“We’re an uber-luxury brand, so we want the best of the best,” continues Spires, who has worked for Aston Martin for 40 years, “and I think British-sourced leather is the best in the world. We use the appropriate leather for the correct application, and we work closely with Connolly on the heritage side. Theirs is a more traditional leather, which was used in its day in the DB4s, 5s and 6s [in the 1960s].” In recent years, Aston Martin Works has produced a number of highly-limited and hugely expensive ‘continuation’ cars, built to the exact same measurements and of identical materials to the motor cars they manufactured before the Beatles broke up. Connolly was a key contributor. “For the Goldfinger car, in particular, they were incredibly helpful, as they’ve kept all the original swatches and were able to determine the exact colour. Connolly aren’t as big a company now as they were,” says Spires, “but we feel a sense of loyalty to each other.”


interior of a classic car with grey leather
Man inspecting a leather hide
a cream coloured leather car seat

Bridge of Weir dominates the UK segment, employing 750 people and with sales in the region of £70 million per year – including 007’s contemporary transport. “That’s the scale of the automotive industry in the UK,” confirms Nicholas Muirhead, the CEO of Bridge of Weir (and its umbrella company, the Scottish Leather Group) and the great grandson of the company’s founder. “The UK is the leader in sustainable leather manufacturing. There are ten to 15 [major] companies that manufacturer automotive leather worldwide. Our competitors are in North America, Italy, Germany, Austria, South Korea and China.”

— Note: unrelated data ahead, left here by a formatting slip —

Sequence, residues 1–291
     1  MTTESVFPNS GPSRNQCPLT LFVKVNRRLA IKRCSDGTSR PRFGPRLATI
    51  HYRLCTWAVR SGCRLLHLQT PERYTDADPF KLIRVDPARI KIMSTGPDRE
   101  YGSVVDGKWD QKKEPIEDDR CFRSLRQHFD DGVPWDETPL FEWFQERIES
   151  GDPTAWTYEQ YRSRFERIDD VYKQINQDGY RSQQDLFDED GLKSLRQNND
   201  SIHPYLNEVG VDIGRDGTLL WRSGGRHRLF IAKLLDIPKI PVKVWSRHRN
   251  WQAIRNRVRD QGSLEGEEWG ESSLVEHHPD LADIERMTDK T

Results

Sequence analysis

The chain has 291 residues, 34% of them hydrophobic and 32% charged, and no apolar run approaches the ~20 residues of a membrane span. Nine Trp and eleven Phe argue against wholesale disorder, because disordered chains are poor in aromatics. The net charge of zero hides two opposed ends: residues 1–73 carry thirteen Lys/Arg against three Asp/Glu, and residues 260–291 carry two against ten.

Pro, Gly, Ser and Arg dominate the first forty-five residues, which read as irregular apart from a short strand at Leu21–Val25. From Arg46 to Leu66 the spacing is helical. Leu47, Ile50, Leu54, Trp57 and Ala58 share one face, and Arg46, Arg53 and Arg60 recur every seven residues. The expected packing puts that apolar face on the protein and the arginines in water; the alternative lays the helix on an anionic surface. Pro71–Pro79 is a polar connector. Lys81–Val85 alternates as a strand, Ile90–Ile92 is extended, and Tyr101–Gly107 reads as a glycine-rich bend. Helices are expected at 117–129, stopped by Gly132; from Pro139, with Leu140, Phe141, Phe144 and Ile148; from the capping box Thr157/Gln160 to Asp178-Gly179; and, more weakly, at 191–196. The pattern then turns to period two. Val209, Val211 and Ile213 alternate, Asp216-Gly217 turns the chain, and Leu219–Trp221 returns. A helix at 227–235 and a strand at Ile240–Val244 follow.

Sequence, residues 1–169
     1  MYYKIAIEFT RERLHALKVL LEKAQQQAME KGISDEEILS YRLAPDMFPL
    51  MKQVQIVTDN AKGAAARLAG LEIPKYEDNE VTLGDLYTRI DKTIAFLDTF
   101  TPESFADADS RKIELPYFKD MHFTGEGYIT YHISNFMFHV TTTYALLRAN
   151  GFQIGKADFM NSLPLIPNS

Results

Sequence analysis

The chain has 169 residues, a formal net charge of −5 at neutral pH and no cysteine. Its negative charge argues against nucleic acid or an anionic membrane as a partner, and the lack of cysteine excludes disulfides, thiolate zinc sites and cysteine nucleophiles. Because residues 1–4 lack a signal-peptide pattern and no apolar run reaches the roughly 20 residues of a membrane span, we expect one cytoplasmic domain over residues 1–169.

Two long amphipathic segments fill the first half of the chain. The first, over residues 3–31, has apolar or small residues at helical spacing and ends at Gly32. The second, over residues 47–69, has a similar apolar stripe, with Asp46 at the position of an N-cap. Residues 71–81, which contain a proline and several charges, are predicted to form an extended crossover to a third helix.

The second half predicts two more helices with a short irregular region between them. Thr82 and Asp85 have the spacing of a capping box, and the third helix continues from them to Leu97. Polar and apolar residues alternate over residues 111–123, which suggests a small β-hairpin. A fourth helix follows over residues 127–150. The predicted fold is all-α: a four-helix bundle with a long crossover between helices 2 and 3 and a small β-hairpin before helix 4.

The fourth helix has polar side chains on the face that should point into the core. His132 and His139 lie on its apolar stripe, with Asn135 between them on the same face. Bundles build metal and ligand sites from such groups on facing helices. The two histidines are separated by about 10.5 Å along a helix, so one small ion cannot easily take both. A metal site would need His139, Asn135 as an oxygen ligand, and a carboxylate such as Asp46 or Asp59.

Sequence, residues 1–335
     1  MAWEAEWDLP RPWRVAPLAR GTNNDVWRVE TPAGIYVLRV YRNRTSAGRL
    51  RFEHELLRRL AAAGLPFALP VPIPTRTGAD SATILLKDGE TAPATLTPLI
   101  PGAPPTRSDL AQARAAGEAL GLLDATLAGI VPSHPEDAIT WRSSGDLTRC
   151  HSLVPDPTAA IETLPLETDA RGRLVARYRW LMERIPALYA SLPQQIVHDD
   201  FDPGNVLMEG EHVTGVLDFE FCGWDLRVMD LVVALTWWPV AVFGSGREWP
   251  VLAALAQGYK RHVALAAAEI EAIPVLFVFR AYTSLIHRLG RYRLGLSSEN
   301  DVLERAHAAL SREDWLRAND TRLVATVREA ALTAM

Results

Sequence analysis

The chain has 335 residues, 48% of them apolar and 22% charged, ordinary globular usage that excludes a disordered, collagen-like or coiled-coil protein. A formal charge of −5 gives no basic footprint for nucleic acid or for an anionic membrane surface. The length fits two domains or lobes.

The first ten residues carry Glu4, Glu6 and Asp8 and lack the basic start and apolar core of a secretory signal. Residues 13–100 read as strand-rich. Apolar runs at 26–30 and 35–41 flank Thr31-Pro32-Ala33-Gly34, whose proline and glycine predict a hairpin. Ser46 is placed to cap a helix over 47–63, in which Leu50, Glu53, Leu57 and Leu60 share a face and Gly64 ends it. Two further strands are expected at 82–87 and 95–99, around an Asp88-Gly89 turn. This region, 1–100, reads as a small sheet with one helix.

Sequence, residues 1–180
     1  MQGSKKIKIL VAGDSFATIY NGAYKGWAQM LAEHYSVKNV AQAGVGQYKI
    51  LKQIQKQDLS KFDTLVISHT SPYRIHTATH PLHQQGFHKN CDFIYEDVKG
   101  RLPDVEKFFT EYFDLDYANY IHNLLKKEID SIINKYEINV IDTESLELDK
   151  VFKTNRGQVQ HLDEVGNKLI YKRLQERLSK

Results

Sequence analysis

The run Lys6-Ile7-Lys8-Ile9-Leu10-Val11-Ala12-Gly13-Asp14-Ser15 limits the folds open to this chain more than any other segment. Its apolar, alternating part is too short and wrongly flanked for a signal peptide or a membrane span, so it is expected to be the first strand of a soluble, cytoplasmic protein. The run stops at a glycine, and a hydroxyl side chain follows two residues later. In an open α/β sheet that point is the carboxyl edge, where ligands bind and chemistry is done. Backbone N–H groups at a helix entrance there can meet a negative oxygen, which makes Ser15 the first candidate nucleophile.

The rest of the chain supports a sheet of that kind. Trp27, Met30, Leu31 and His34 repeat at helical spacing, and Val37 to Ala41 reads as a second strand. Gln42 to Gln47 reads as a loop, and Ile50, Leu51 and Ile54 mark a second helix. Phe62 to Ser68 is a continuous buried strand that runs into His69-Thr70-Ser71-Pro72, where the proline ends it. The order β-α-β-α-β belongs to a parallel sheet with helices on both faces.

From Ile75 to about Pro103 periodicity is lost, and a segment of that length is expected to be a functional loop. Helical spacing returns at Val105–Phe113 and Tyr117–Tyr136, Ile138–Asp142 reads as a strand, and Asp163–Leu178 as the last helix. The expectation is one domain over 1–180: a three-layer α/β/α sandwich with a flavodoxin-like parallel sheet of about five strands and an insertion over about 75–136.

One of those is Pasubio, in Italy, who work with Lamborghini, Porsche and Bentley. The hides come from central Europe, predominantly southern Germany, Austria and Switzerland. In all cases, the supplier handles the manufacturing process from tanning to finishing, before shipping it to the OEM (Original Equipment Manufacturer), which takes care of the cutting and sewing. The focus is usually on seats, dashboards, door panels, roof linings and steering wheels. The bigger the car, usually the more hides it’ll require. An Aston DB5 Goldfinger takes seven, a Bentley Bentayga EWB (Extended Wheel Base) takes 13.

“We’ve had customers who’ve provided hides from their own ranch,” reveals Dr Marc Stang, who’s in charge of leather and colour development at Bentley. “We’ve also had customers who’ve wanted crocodile and things like that, but the vast majority stick with the standard leather. They may wish to bespoke the colour or the stitching, but that’s generally as far as it goes. When we do a very limited edition car, such as the Batur, we will put in as much new technology and material innovation as we can, including new strides in sustainability, to give our customers a taste of the future.”